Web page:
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What is the Safest Seat in an Airplane? 

By  Enda

Now not every single person  who travels in an aircraft will ask the question, "What is the safest seat in an airplane?" However some people do have concerns about flying and they like to minimise the risks as much as they can.

QUICK & FAST ANSWER

The simple answer to this question is that there is no single seat that is any safer than another one. Thankfully there are very few accidents on airplanes and in fact flying is one of the safest forms of transport.

However when accidents do happen in aircraft, they can quite simply happen at any spot within the aircraft. There is no particular safe area in an aircraft and it doesn't matter if you sit at the front of the aircraft, the rear or the middle.

Emergency Seats on an Aircraft

Again many air travellers will be familiar with the emergency exits on a plane. The size of the plane determines the number of emergency exits. Some passengers prefer to sit there, just in case there is an emergency, and they believe that they will have a faster chance at being the first off the plane.

The number of emergencies declared on a plane is a very small number. There is of course some truth that if there is an emergency, then the person nearest to the emergency chute, will most likely be the first person down it.

It is however worth noting that a fire or something similar can start near the emergency exit as in other place within the plane.

Emergency exits can also get jammed depending on where an emergency happens on a plane. That leaves the person in just as bad a position as any other person in the aircraft.

Staying Safe On a Plane

The best way to stay safe on a plane or in any form of travel is to stay aware. If you keep alert and remain conscious of your surroundings, then that is really the best thing that you can do.

Flight staff and cabin crew are highly trained on how their type of aircraft works, and you should at all times pay attention to any instructions that they advise. You can of course bring anything that arouses your suspicions to their attention.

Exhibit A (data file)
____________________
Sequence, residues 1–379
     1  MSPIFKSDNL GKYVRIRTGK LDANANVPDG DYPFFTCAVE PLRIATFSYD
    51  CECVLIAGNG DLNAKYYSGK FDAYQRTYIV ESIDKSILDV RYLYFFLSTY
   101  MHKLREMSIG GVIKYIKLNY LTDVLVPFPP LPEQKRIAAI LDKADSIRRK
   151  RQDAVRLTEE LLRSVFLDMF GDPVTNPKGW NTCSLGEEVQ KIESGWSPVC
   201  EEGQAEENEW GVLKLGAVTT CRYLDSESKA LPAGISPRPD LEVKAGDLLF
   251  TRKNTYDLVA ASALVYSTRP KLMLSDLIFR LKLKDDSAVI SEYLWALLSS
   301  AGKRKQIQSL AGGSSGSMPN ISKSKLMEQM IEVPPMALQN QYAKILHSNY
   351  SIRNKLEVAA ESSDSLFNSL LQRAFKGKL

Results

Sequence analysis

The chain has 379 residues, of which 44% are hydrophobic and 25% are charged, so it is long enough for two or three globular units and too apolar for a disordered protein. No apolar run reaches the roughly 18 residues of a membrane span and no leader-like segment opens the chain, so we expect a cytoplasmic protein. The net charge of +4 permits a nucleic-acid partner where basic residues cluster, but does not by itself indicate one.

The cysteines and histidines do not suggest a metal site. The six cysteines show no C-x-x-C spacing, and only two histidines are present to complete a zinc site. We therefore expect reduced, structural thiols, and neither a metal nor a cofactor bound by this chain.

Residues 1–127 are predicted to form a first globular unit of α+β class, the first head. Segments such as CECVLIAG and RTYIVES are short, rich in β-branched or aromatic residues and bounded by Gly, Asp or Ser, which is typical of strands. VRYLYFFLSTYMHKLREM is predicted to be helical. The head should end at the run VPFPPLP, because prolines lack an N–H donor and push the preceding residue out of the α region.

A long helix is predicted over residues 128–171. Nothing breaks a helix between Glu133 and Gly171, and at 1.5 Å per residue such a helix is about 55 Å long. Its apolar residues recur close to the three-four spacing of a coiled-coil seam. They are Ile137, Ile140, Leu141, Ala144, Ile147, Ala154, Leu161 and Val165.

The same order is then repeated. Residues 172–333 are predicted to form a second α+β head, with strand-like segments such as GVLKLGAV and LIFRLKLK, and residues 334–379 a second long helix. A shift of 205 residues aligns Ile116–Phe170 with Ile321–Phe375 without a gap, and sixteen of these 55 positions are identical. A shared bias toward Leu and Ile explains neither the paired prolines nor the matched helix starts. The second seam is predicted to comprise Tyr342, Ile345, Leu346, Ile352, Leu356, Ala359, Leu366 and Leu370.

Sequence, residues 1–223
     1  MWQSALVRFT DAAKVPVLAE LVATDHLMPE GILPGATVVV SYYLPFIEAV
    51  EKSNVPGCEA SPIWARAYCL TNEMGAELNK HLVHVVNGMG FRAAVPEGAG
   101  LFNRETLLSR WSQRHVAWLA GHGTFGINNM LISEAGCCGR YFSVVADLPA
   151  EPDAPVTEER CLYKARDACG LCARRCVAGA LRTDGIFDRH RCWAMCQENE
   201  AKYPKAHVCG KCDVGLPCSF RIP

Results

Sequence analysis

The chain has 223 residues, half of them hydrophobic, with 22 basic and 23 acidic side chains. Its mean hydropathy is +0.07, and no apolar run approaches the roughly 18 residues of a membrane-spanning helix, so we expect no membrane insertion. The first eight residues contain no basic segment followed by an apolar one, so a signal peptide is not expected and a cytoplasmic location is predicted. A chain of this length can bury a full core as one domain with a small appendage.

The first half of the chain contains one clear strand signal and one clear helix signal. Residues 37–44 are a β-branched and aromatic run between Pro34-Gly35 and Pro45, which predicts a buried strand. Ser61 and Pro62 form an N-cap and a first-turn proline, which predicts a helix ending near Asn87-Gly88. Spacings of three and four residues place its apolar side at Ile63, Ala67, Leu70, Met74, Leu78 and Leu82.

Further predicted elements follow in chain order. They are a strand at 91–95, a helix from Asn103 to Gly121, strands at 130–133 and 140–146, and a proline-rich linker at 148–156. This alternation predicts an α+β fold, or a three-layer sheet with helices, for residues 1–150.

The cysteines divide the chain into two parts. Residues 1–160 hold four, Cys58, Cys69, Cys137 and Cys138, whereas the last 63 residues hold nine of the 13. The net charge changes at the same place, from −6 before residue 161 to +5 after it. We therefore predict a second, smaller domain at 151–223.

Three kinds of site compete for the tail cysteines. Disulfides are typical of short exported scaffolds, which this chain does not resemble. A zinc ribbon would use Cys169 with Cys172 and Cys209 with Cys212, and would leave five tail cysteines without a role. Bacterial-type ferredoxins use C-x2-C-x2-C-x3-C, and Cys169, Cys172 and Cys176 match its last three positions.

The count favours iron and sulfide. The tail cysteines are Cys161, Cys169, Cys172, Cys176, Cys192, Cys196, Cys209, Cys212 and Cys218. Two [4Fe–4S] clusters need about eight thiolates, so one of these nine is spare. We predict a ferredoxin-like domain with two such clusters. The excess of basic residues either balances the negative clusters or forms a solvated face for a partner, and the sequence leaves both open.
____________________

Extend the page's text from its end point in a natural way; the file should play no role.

Generally speaking though 99.99% of all flights happen without any incidents. All passengers should follow the basic instructions that include:

  • Putting cell phones on airplane mode
  • Fastening seat belts at take off and landing
  • Listening to safety procedures  and pre-flights and post-flights from the crew 

From time to time you may be advised to fasten seat belts during periods or expected periods of turbulence. Advice from any member of the crew should also be followed.

Other Tips for a Safe Flight

When we travel we like to relax and some people like to have an alcoholic drink. It is always advisable not too drink too much.  Alcohol causes dehydration and too much can make you a nuisance to crew and other passengers.

Most travellers are respectful of other people who are travelling, but I am sure we have all met the drunk, or the drunken party that causes annoyance and in some cases can cause distress.

Always try not to do anything that will be detrimental to your own safety, as well as to that of others. These are things such as carrying heavy carry-on luggage, spilling hot drinks, or being careless with pointed objects or things with sharp edges.

It is all about using plain old common sense. Thankfully most people know and behave accordingly.

Safe Airplane Seat Conclusion

According to the statistics in 2017 there were 44 air liner fatalities from 10 fatal air liner accidents. The odds of a plane crash is one for every 1.2 million flights with the odds of dying being one in 11 million.

The odds of dying in a car crash is 1 in 5,000.

To help put this in perspective you would have to fly every single day for a whopping 55,000 years before encountering a fatal accident. There is a bigger chance of being killed by a falling chimney.

So as you can see airplane accidents are rare, despite the continuing fear and misgivings surrounding air travel.

Hopefully you will never be involved in any type of flying incident. If something does happen then you should try hard to stay calm and not to panic. Fear and especially fear in a crowd is a highly contagious disease.

It is a well known fact that most casualties in accidents, even those that happened on land, could have been prevented and reduced if the panic been contained.

A good way of staying calm is to take a deep breath, keep the tone of voice down and follow the cabin crew instructions. The reality is that there is no such thing as the safest seat in the plane.

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